clock menu more-arrow no yes

How to Do Business Journalism on the Internet and Actually Make Some Money (Video)

Different strokes for different folks.

Asa Mathat for Vox Media

Jessica Lessin’s The Information charges readers a hefty chunk of money ($399 a year or $39 a month) for access to top-tier tech journalism. Financial Times CEO John Ridding works for a respected financial newspaper with a strict paywall. LinkedIn Executive Editor Daniel Roth runs a digital platform powered by user-generated content.

Three different business news and media companies, and three distinct plans to make money. Who has it right?

At the Code/Media conference at The Ritz-Carlton, Laguna Niguel in Dana Point, Calif., the three explained to Re/code Senior Editor Peter Kafka that each one of them was doing the “right” thing, because they were doing what worked for them.

Though Lessin declined to share how many subscribers The Information has (“[Business Insider] guessed 2,000 and I said many multiples of that”), she said the company is “cash-flow positive” and that she wants to invest that cash back into the business.

“We want FT or Wall Street Journal scale,” Lessin said.

Financial Times boss Ridding said that the paywall and advertising revenue were only one part of the British newspaper’s strategy, highlighting the FT’s events business as part of a “multi-platform, multi-channel business model all based around premium content.”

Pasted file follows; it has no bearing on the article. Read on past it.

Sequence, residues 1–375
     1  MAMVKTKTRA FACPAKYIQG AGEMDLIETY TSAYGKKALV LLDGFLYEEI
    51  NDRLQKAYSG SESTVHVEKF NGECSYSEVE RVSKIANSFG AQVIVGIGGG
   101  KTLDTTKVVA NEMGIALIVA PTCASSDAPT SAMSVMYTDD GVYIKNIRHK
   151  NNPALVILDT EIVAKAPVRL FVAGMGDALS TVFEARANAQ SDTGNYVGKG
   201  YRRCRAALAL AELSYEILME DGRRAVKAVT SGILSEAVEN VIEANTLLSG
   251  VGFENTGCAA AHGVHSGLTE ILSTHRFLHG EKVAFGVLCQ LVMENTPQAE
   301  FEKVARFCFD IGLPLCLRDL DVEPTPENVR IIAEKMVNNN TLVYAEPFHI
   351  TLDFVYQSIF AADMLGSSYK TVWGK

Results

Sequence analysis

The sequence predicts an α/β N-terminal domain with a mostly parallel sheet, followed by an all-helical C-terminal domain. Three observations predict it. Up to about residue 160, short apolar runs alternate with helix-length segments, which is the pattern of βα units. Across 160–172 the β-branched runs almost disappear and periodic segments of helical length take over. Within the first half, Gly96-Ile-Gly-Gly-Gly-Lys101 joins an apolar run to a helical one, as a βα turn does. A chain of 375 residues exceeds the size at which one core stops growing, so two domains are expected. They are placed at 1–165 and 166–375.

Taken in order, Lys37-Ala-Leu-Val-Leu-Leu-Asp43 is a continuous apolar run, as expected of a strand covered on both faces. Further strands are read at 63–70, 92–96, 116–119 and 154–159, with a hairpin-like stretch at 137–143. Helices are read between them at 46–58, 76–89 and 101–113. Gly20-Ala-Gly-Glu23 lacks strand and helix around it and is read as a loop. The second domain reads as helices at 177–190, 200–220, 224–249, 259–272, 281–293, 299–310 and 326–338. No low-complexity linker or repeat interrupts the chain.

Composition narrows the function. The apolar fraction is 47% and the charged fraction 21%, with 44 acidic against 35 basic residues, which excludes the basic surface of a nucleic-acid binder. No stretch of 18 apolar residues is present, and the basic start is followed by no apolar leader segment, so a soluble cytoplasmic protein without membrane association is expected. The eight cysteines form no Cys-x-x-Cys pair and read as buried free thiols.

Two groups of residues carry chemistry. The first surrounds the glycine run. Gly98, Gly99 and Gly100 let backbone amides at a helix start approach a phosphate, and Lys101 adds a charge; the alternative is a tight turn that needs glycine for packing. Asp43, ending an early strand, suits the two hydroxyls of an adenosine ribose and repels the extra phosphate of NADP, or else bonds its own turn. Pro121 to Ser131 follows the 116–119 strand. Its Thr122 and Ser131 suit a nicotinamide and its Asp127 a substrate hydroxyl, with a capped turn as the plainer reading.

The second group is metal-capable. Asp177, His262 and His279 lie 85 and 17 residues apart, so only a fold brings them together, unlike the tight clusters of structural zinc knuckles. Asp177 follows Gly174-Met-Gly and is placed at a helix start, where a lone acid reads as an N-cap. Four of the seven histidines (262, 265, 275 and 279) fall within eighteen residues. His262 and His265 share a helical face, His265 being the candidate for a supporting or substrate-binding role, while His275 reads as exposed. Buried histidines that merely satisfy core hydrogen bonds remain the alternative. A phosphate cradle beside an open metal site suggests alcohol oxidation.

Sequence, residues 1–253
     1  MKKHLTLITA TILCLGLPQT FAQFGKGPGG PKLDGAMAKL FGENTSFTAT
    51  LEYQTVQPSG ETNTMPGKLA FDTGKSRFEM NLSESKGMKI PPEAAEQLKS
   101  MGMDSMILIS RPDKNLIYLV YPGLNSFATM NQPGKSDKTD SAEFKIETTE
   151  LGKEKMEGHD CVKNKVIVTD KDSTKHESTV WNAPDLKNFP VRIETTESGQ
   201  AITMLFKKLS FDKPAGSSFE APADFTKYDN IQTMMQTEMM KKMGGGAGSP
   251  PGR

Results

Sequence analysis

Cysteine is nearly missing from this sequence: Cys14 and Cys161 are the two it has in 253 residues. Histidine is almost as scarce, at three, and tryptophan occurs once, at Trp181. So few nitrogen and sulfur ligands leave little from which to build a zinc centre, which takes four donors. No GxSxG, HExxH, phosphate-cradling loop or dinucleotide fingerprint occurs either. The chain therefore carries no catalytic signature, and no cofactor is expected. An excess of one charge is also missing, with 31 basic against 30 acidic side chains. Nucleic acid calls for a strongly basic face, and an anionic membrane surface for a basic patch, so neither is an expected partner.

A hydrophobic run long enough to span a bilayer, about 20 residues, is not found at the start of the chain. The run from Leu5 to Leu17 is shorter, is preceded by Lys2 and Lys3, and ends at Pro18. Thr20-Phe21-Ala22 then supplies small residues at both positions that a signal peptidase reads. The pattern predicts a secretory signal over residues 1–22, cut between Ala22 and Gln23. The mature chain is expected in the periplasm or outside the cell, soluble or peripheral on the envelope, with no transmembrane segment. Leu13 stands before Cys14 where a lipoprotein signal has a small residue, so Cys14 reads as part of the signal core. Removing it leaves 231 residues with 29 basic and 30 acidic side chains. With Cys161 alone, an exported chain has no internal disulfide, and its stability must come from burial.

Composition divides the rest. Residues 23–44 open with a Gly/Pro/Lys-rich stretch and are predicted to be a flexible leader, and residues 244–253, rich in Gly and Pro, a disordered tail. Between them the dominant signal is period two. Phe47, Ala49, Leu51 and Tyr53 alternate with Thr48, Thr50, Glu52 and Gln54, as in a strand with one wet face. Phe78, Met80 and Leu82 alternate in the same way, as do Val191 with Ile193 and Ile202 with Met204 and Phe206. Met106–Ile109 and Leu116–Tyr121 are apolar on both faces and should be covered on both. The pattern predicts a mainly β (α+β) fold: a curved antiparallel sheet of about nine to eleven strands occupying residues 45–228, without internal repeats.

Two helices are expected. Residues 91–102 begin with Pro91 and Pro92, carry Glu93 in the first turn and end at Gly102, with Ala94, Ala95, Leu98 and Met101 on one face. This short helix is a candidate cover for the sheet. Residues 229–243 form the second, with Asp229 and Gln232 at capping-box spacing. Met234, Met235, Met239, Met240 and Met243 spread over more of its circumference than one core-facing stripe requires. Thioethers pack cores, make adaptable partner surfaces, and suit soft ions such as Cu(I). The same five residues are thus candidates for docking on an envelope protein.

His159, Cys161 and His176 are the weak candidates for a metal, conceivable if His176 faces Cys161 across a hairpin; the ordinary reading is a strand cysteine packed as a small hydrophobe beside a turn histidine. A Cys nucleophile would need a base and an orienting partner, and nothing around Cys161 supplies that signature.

“Once you’ve been through a couple financial crises … you think [advertising revenue] is no way to live,” Ridding said. “Competing for scale is really hard; you’re up against tech and media giants.”

Ridding also touched on last year’s sale of the Financial Times to the Japanese conglomerate Nikkei, which he said has been “pretty good.”

“What we didn’t have [under previous owner Pearson] was funding. We didn’t have a long-term investment, because the previous owners were prioritizing education,” Ridding said. “Nikkei believes, like us, that great journalism can be a great business. They’re investing in us, in product, in reach, in video and in data.”

https://twitter.com/mairepwalsh/status/700371345486381056

Daniel Roth, LinkedIn’s top editor and formerly the managing editor of Fortune.com, operates a media unit that’s a little bit different from both Lessin’s and Ridding’s. LinkedIn runs on user-generated content from business leaders and #thinkfluencers who in turn get detailed data about the size and makeup of the audience reading their stuff.

Before he joined LinkedIn, Roth said that he “was struggling with the question of how to make the site better.”

“It seemed to me that the bet I was making was that a media company could become a tech company, but that the opposite might be a better bet — that a tech company figuring out the media game could be interesting,” Roth said.

As for how LinkedIn’s content division is handling the company’s recent collapse in share price?

“Most of the people I work with came from traditional media, and have only lived in downturns. … It was ‘Oh yeah, this seems normal,'” Roth replied. “[CEO Jeff Weiner] did an incredible job of explaining. … we’re the same company that we were yesterday.”

This article originally appeared on Recode.net.